How ironic (is it really? 😉 ) that you mention “Stranger Things”! I just started watching it … although I have not progressed past Episode 1. I better get watching (soon!) before I forget what happened to set off everything. (ha ha)

        Why indeed do sometimes well-loved children turn out so evil! 🙁 It is a mystery that probably will go down in the annuls of Time.

        Again, great piece, Pam. I enjoyed every word. 🙂

        1. Pam Bruchwalski
          September 15, 2016 at 16:06 Reply

          Thank you, again, Melinda. I truly appreciate your kind words.

          Zero irony that we’re watching similar shows! I’m only through episode 3 of Stranger Things, unfortunately, because my husband and #5 child are watching it, too, and we’re never home together for long during the week!!

          The question about well-loved-children breaks my heart. It truly does.

  3. Jay Krebs
    September 13, 2016 at 20:36 Reply

    So many great thoughts here already!
    This is, by far, my favorite of all your blog entries…and they’re all amazing!

    The associations and analogies you made between SW and your baby boy’s performance are not only spot-on, but a true testament of a mother’s love for her son, no matter what he’s done. Not acceptance, necessarily, but love.

    I’m also neck-deep in a series called The 100 right now, and there are a lot of moral and ethical issues surrounding family members and the decisions with which they are faced. Very intense.

    I agree with you about Ben/Kylo. I think he’s more frightening without his mask. He’s also more human, which makes him likable…as much as I’d like to hate him completely, I can’t. It’s the eyes…(which has already been mentioned, so I won’t repeat too much). I can’t help but point out the end of Beauty and the Beast, in the scene when Belle looks into the Prince’s eyes after his transformation from Beast…he says “it’s me”, and the only way she believes it is by looking into his eyes!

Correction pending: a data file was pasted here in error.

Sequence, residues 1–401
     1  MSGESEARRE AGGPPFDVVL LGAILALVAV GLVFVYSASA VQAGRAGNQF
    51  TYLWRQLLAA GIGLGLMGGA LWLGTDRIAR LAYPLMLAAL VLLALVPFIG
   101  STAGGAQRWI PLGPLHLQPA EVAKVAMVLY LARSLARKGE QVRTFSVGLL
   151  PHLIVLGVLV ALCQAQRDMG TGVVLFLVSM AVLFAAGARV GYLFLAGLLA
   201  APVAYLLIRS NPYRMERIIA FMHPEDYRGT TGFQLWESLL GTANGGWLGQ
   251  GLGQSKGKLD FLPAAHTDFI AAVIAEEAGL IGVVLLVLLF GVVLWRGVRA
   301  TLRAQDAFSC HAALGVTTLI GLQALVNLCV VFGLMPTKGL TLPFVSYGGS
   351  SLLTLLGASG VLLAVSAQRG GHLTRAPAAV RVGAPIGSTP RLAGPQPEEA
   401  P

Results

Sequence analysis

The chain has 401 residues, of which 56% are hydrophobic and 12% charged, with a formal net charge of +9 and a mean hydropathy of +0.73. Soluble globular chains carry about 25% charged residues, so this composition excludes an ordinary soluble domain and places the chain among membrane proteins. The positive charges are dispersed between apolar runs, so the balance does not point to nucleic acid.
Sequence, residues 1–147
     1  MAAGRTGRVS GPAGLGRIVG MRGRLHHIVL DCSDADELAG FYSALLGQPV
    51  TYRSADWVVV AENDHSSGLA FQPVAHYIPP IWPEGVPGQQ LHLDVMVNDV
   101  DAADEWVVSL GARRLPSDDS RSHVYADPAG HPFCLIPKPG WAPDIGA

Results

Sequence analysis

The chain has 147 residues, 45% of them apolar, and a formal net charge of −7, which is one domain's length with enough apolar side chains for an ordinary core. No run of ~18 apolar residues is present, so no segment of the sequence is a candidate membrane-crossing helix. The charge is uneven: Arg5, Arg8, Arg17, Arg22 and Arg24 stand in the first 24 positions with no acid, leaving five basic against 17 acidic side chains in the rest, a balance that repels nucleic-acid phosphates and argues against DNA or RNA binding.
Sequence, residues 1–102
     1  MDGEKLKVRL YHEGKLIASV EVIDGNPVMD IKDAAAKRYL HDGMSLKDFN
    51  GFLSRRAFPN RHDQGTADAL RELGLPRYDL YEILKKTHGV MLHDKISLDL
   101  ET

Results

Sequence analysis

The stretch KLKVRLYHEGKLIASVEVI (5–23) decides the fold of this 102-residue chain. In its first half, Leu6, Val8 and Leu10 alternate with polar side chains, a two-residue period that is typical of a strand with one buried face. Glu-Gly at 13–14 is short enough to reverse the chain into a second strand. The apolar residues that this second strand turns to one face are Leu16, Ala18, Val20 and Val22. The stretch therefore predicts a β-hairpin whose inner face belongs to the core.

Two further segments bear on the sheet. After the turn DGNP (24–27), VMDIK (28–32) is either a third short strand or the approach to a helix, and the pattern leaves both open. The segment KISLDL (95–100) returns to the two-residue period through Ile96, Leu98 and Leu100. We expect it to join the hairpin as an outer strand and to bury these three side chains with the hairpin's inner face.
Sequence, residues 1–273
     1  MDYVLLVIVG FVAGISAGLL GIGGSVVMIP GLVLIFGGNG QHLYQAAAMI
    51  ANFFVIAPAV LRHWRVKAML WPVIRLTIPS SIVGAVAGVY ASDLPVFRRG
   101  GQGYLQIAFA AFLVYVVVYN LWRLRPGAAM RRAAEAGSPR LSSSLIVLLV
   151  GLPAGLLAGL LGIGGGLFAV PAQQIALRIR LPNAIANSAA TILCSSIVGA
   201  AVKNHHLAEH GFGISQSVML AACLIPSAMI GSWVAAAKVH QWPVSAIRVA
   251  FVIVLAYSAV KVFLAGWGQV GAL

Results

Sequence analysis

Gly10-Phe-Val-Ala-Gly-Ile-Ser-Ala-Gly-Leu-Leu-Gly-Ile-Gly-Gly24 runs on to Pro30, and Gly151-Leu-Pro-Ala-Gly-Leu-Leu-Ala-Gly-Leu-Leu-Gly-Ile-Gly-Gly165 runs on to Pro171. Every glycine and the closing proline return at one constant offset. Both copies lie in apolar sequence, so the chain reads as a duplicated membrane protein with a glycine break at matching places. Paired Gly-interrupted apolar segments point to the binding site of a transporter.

One of the most freeing times I’ve ever experienced was when I dressed as Darth Maul. I always feel strange looking at people (mom always taught us nother to stare), but I felt so powerful in a way, being able to hide behind that mask, not letting anyone know who I really was!!

    As you know, I teach about self-esteem building in one of my classes. In it, we watch “The Breakfast Club,” and talk about the “masks” each character wears, based on their social clique (Princess, Brain, etc.), and how those social masks can shape our self-concept…it always generates a lot of great discussion! Even though the movie was released in 1984, it’s message and ultimate moral lesson is timeless!

    Again, GREAT piece, Pam!! One day, I’ll finally get to see that boy of yours perform in person!!

    -Jay

  4. Pam Bruchwalski
    September 14, 2016 at 05:16 Reply

    Thank you so much for your kind words, Jay. So much.

    I keep seeing the ads for The 100 and know I’ll get to that series soon, too!

    The scene you mention in Beauty and the Beast where Belle recognizes her “beast” in the Prince’s eyes….I thought about that same scene while watching Troy in Phantom. The eyes are so important and speak volumes about the heart inside the person. This begs the question, “can intrinsically good people do bad things?” and of course the answer is yes. With unconditional love, however, their sins can be forgiven. EVERYONE needs to know that unconditional love.

    You bring up such an interesting point about how you felt behind Darth Maul’s visage. I can certainly understand feeling powerful behind that mask. Wow! Reflecting on my own feelings, however, I think I’m more uncomfortable in a mask. You’ve really got me thinking about the “whys” associated with choosing to wear – or not wear – masks.

    The Breakfast Club sounds like the perfect vehicle for your self-esteem building discussion, and I’m sure you use it so well.

    Thank you, again, for your comments.

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Pam is a writer, editor, mother, fangirl, and self-proclaimed geek from Pittsburgh, PA.